Why does Denmark celebrate Sankt Hans Aften?

Celebrating Sankt Hans Aften (Saint John’s Eve in English) is an important midsummer custom in Denmark. Why is the occasion so important in the Nordic country?

A Sankt Hans bonfire in Odense
A Sankt Hans bonfire in Odense. File photo: Sophia Juliane Lydolph/Ritzau Scanpix

Sankt Hans Aften, when people sing in chorus before lighting a giant bonfire and eating and drinking late into the light summer night, is one of the highlights of the Danish calendar.

The celebration always takes place on the evening of June 23rd, with Sankt Hans day being the following day, June 24th. It is therefore slightly after the actual midsummer, the solstice on June 21st.

The tradition is a long-standing one in Denmark and throughout the Nordic countries, with written accounts of it going as far back as the 16th century.

In its early years, the church was critical, given then unruly dancing, drinking and shrieking. Originally a public holiday, Sankt Hans Dag had this privilege removed in 1770 but customary celebrations the night before have continued to this day.

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Sankt Hans is the Danish name for John the Baptist, said to be born six months before Jesus, so June 24th, six months before (and after) Christmas, is therefore his saint’s day. This also gives a connection to the solstice and days becoming shorter again after midsummer.

The first Lutheran bishop on Zealand, Peder Palladius, is said to have instructed Danish bishops in 1543 to preach about John the Baptist on Sankt Hans Aften.

The tradition of celebrating the feast day for John the Baptist in Denmark has both religious and pagan roots, though.

A particular example of the latter involves the custom of burning a witch at the top of the bonfire – which is a relatively recent adaptation of the celebration.

Because Sankt Hans is at midsummer, the power of nature is at its highest according to folklore, giving the connection between Sankt Hans and magic.

In earlier times, people with sicknesses were known to go to springs to drink the water or bathe their diseased limbs.

According to the National Museum of Denmark, witch-like figures on the top of Sankt Hans bonfires began to appear in East Jutland in the late 1800s at a different religious festival, Walpurgis Night (Valborgsaften in Danish), which is celebrated on the last night of April. The practice eventually made its way across to Sankt Hans Aften.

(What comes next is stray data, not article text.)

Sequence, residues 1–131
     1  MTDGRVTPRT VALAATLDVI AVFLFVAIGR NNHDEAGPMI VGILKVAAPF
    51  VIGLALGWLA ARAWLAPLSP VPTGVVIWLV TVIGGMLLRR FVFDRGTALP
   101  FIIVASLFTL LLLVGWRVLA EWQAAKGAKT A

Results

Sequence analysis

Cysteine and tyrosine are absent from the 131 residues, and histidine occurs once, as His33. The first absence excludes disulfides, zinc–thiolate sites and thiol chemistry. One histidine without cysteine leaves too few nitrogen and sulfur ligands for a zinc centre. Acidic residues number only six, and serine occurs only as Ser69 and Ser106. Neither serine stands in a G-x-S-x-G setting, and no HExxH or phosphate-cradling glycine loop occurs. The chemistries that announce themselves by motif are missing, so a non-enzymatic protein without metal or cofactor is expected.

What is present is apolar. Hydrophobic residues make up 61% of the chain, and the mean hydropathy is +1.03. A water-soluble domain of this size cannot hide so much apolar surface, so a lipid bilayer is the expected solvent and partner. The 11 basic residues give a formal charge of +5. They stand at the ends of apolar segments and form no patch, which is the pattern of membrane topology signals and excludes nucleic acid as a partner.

Although the witches being burned on Sankt Hans Aften are of the paper and hay variety, roughly 1,000 real men and women convicted of witchcraft were burned alive in Denmark in the 16th and 17th centuries. The last ‘witch’ to be killed in this way was Anne Palles, a Danish woman accused of sorcery and executed in 1693 on the island of Falster. 

Midsommervisen (“Midsummer’s Song”), also called Vi elsker vort land (“We Love our Country”) is the song you will hear crowds at Sankt Hans Aften celebrations in Denmark sing in chorus. It seems an incongruous combination with burning witches – the two traditions were not used together to celebrate Sankt Hans Aften until around 1900.

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Why ceremonial pancakes are one of Denmark’s highest honors

Victorious athletes and visiting dignitaries in Denmark get their just deserts/desserts at Copenhagen City Hall — the "Rådhuspandekager" or city hall pancakes. But where does the tradition come from?

Why ceremonial pancakes are one of Denmark's highest honors

Sure, the fame and fortune are probably great, but Tour de France winner Jonas Vingegaard has a real honor headed his way on Wednesday. After his ceremonial ride through Copenhagen, the mayor will treat him to the plate of pancakes that has become a staple for celebrated individuals for 90 years. 

In 1928, when King Albert I of Belgium came calling in Denmark, a cook named Phillip Olsen at the historic Fredensborg Store Kro (that’s an inn) whipped up a new recipe he thought might appeal to a waffle-loving Belgian. The king was so taken by the dish that it’s been served to foreign officials, prize-winning artists, and victorious Danish athletes ever since.  

For an official reception, the town hall cafeteria churns out up to 1,000 pancakes, head chef Elisabeth Christensen told VICE in 2018. The team made 4,000 pancakes for Copenhagen’s Culture Night that year, she added. 

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If you merit an invitation to town hall, don’t come looking for a flapjack — Rådhuspandekager look like a cross between a crepe and a cannoli. It’s a thin, crispy pancake rolled and filled with orange creme, topped with apricot jam and and toasted almonds. 

The town hall recipe remains secret, but after a Danish egg company popularised the pancakes in the 1960s they’ve become a household favorite.

If you don’t expect to win the Tour de France soon, here’s a recipe for how to prepare your own Rådhuspandekager. Or, gather a group and book a guided tour of City Hall, which includes a pancake and glass of sparkling wine (seems easier than all that biking).